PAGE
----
CTHealthLink added Yale New Haven Health and UConn Health to its expanding list of provider connections.
CTHealthLink (CTHL), a physician-led health information exchange (HIE) established in partnership with the Connecticut State Medical Society (CSMS), added two significant health systems to its network, Yale New Haven Health and UConn Health.
“The connections to Yale New Haven and UCONN are important milestones for Connecticut physicians and their patients,” Robert Aseltine, MD, UConn Health professor and chair of CTHL Advisory Board, said in a statement. “These connections allow Connecticut healthcare providers to gain access to critical patient data from hospitals, clinics, and practices, data that are needed to provide safe and comprehensive care to their patients.”
Yale New Haven Health and UConn Health join CVS Health and Minute Clinics, the Veterans Administration (VA), DaVita Health, the Department of Defense (DoD), Fresenius Medical Care, and Premise Health on CTHealthLink’s list of connections. The two organizations also join the state’s public health registries.
Additionally, the HIE has connected to the Carequality interoperability network and is a KONZA National Network member, enabling patient data exchange from across the country.
“Data sharing across providers and facilities is particularly important when patients are transferred from their home communities to receive care, which is becoming more common as COVID-19 strains hospital capacity,” Aseltine continued. “Having immediate access to a patient’s full medical record under these conditions may save lives and significantly improve health care for Connecticut patients.”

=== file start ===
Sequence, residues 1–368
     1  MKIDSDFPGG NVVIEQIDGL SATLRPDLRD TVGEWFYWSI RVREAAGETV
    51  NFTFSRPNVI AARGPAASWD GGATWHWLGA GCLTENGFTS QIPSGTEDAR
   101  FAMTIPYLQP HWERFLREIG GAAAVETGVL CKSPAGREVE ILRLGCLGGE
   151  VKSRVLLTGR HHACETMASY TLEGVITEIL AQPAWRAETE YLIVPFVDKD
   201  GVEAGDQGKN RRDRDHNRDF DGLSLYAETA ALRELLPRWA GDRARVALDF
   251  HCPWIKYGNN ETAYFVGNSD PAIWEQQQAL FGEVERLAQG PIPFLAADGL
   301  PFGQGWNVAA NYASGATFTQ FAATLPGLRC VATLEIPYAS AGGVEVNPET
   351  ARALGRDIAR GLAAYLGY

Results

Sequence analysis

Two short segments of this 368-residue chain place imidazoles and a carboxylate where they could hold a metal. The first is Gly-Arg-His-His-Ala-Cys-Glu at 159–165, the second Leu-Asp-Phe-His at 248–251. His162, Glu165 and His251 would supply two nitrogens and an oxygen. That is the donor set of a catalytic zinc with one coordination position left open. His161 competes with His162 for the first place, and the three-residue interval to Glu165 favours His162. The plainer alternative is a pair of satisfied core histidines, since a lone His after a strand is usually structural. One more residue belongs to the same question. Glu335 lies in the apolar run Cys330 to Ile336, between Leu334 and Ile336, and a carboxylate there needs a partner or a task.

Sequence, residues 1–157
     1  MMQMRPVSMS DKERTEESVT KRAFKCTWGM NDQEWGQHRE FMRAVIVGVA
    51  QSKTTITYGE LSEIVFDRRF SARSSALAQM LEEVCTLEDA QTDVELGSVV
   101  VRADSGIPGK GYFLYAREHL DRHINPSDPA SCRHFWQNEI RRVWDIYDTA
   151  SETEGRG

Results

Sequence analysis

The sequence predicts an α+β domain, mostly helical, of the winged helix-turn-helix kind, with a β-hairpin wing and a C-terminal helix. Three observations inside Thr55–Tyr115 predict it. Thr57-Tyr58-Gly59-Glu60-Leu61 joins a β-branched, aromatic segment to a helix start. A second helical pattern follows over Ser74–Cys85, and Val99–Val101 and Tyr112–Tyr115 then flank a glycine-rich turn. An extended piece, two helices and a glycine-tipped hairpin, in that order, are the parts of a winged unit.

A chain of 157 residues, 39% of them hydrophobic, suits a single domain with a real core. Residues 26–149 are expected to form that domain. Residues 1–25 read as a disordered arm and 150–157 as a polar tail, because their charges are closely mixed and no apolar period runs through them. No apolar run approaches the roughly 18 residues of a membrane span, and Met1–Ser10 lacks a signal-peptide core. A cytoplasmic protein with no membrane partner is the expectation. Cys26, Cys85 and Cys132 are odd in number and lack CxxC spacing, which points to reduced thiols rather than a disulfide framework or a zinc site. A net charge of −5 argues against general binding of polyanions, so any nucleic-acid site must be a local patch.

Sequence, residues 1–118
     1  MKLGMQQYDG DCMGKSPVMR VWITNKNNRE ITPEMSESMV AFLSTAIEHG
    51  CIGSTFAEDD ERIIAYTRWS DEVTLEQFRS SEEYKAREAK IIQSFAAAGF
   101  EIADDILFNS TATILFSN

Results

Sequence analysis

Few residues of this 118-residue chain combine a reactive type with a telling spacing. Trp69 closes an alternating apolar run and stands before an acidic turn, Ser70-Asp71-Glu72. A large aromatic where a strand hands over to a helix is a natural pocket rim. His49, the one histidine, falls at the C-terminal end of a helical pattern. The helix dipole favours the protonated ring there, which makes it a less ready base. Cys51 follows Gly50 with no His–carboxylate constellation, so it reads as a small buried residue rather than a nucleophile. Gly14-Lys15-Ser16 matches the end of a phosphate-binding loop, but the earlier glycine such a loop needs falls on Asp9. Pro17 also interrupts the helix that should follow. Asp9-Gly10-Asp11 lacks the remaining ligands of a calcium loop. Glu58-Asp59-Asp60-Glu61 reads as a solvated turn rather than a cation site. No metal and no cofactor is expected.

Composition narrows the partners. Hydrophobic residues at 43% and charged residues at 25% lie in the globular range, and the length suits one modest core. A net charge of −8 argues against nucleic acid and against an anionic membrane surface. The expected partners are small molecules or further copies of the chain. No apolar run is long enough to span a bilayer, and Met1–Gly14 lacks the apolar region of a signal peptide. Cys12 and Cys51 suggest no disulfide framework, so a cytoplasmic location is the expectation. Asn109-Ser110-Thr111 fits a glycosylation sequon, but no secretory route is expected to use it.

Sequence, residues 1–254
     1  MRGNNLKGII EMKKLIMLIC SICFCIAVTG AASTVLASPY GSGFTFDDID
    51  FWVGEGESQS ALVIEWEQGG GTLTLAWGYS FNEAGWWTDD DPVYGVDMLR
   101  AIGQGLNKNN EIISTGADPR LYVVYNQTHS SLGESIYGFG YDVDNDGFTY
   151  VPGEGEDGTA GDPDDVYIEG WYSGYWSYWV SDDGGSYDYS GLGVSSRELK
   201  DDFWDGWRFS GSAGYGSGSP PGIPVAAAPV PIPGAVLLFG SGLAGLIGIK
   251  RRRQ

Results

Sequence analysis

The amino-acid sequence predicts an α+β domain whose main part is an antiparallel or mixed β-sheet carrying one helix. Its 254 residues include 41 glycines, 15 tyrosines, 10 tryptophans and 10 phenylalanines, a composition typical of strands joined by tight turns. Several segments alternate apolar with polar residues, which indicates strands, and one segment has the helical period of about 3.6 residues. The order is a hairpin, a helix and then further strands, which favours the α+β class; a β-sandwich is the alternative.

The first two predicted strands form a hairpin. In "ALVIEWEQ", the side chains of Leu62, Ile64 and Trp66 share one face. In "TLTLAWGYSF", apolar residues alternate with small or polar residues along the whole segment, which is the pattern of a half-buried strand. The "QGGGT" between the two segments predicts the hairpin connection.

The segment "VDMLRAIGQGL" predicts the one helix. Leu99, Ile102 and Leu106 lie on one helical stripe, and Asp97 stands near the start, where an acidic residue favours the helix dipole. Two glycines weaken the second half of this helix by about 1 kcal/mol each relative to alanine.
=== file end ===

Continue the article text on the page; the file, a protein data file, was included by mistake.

Adding two more connections increases patient data exchange and interoperability across the state, triggering a more effective response to certain health emergencies, including the COVID-19 pandemic.
“Connecticut cannot wait any longer for the meaningful exchange of patient data,” said Jeffrey Gordon, MD, chair of the CSMS Council. “In the face of the COVID-19 pandemic, Connecticut physicians are facing unprecedented hurdles to providing quality medical care.”
“Physicians throughout Connecticut must have the ability to coordinate not only COVID -19-related medical care, but also COVID-19 vaccinations. The time for health data exchange to be operational in Connecticut is not tomorrow, but today,” Gordon continued.
The three-year-old HIE enables clinicians, hospitals, and other healthcare providers in the HIE network to exchange patient health records, utilize data analytics tools to improve patient outcomes, and streamline clinical processes. It also grants patients access to their respective health records.
In May, the state of Connecticut signed CTHealthLink as the first member of the state’s health information exchange.
Over the past decade, state leaders found it was not easy to launch a statewide HIE. In fact, the state attempted to launch the HIE four times before adding CTHealthLink, costing the state millions of dollars.
Now established, experts say the HIE will reduce costs and improve care by eliminating the chances of duplicative testing, link several providers without going through the process of establishing a connection with each facility, and identify health trends.
It also presents financial benefits for the state. Health systems utilizing Medicaid and Medicare services can only receive payments if they can show that they are improving the quality of care and reducing hospital readmissions. Better care coordination, enabled by a functional HIE, could help organizations accomplish those clinical quality metrics.
Looking forward, the two organizations plan to improve patient care, boost interoperability throughout the state, and enhance Connecticut’s healthcare delivery system.
Since the HIE is still in its early stages, Aseltine said it will expand upon partnerships with other national exchanges in a way that provides a powerful demonstration of the scale they can achieve together.
“This echoes how important health data exchange is for physicians across the state of Connecticut,” added Layne Gakos, JD, General Counsel of Connecticut State Medical Society.
“We're excited to be where we are right now and to be the first one that's up and running. It's taken a lot of work. But it's been rewarding, and we believe it's going to be rewarding moving forward as the state moves forward in developing its HIE.”